Elizabeth was lucky on a number of counts, not the least of which was escaping serious injury or death after having seven shots fired at her. Prosecutors say that convictions for assault with intent to commit murder are not always easy to try for, since there must be evidence "beyond a shadow of a doubt" that the assailant intended to kill the victim. Since intent is often unknowable, juries are hesitant to assume the worst about a person's motivations. For this reason, many potential cases of assault with intent to commit homicide, particularly those involving strangulation, stabbing, and bludgeoning, are often pled down to lesser charges such as assault with a dangerous weapon, aggravated assault, or even simple assault and battery. Even cases of shooting must contain irrefutable evidence that the person intended to kill and not merely to maim or to scare the victim. In Mark's case, his heavy use of alcohol on that December evening might have helped convince the jury that he might well have succeeded in killing Elizabeth had he not been so impaired. His past suicide threats, quitting of his job, and cashing out of his retirement plan also helped paint a picture of someone who'd decided he had little to live for. Elizabeth had been right to be fearful about Mark's potential to kill not just himself but her as well. Annually, about 30% of the 1,300 killings of women by their intimate partners in the United States are murder-suicides. A sizable proportion of the other murders are preceded by suicide threats or attempts by the killers.

As will be discussed later, there are different motivations for the perpetrators. In some cases, it appears that their primary aim was to kill their partners and then to choose death over life without their partner and/or life in prison. In contrast, some of the men I interviewed said that they had intended to kill themselves but lacked the courage to do so. At the last minute, they changed targets from themselves to their partners.


Intimate Partner Homicides

Approximately 1,800 adults are killed by their intimate partners annually in the United States. This current rate of killings is a decrease of 40% from 1970-2000, when there had been about 3,000 intimate partner homicides per year. Paradoxically, however, the number of male victims has decreased dramatically during this period, from 1,400 to 500, while killings of women have only moderately decreased, from 1,600 to 1,300. Over twenty-five years, the proportion of female victims relative to male has actually increased from just over half in 1976 to over 70%. This is surprising given the widespread increases in legal protections and services available for battered women. Some researchers have speculated that men have been the primarily beneficiaries of enhanced protections for abused women since more choices are now available to those who in the past might have killed their abusers. It has long been known that battered women commit a sizable proportion of husband killings. According to a study by Angela Browne of battered women who kill, these women are often subjected to more serious and frequent physical abuse than other battered women. While some of these killings were in self-defense, many others were acts of desperation committed by women who perceived no other means of escape from tortuous and life-threatening relationships.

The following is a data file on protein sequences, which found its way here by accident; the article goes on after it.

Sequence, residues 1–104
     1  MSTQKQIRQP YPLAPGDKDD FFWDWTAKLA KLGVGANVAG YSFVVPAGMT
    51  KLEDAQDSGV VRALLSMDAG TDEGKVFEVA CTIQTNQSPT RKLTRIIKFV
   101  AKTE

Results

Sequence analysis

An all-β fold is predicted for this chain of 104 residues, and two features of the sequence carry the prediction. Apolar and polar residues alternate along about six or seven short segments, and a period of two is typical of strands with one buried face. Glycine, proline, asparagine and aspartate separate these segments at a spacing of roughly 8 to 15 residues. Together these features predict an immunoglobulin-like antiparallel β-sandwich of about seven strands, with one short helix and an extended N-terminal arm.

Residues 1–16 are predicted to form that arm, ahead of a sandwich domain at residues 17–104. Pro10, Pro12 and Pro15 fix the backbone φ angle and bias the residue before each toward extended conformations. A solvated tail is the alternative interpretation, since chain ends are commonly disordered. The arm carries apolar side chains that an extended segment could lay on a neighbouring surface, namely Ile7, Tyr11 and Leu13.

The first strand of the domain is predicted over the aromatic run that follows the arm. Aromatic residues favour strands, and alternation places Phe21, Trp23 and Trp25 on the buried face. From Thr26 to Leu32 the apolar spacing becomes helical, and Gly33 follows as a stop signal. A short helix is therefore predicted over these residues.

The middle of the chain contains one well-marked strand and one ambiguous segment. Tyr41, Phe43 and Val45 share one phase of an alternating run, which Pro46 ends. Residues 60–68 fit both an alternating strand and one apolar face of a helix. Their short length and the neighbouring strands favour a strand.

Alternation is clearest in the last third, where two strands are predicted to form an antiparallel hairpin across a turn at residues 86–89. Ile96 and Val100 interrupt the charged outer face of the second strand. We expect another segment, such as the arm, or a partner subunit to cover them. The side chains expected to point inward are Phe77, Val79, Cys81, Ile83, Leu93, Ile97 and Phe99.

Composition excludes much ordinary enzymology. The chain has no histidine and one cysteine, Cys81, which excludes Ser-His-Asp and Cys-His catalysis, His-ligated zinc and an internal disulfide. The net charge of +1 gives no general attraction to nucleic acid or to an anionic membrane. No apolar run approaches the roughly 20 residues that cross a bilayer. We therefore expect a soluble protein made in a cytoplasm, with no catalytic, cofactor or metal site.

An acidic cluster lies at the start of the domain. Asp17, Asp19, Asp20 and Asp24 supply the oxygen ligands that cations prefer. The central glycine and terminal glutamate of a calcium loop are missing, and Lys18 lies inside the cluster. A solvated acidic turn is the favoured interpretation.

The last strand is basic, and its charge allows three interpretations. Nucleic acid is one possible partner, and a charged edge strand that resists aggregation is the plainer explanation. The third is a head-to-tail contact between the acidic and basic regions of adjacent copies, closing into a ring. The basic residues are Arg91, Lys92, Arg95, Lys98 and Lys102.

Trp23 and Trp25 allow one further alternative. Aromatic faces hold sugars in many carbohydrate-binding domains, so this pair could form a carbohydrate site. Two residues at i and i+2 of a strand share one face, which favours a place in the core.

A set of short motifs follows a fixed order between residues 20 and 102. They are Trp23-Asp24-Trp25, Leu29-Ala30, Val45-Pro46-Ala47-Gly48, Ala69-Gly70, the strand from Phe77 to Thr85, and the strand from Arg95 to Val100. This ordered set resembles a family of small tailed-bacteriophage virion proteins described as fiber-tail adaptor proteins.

Research by Brown and others has helped to expand previous notions of self-defense beyond the narrow legal definitions that still exist in many states. These generally require that a person be in imminent danger from his or her attacker and that the actions taken in self-defense use the least force necessary to protect oneself from harm or death. Legal advocates for battered women have argued, sometimes successfully, that these narrow definitions work against women who are usually less able to defend themselves physically than men. They argue that a man who is being beaten by his female partner is usually better able to defend himself physically without using a weapon. Given the disparities in size and strength between men and women, however, the minimal and safest defensive action available to a woman being attacked by her husband may be to shoot him.

Self-defense laws also specify that a person's first duty is to retreat in face of an attack, and that all retreating actions should be exhausted prior to using physical force. Advocates and researchers have pointed out that this action is not always the safest recourse for battered women. In fact, many studies have shown that battered women are most likely to be killed when attempting to flee their abusers or to end their relationships.


Assessing Danger

Even though increased numbers of battered women have left their abusers without being killed or otherwise harmed, leaving is still a major risk for women who are subjected to the most dangerous abusers. Undoubtedly, many of these women do not leave because they know the risk is too great. Often, their abusers have repeatedly told them, "If you leave me, I'll find you and kill you," or "If I can't have you, nobody else can." Investigations of femicides often find a history of threats backed up with prior acts of serious violence or attempts to kill the victim or others to whom she turned for help.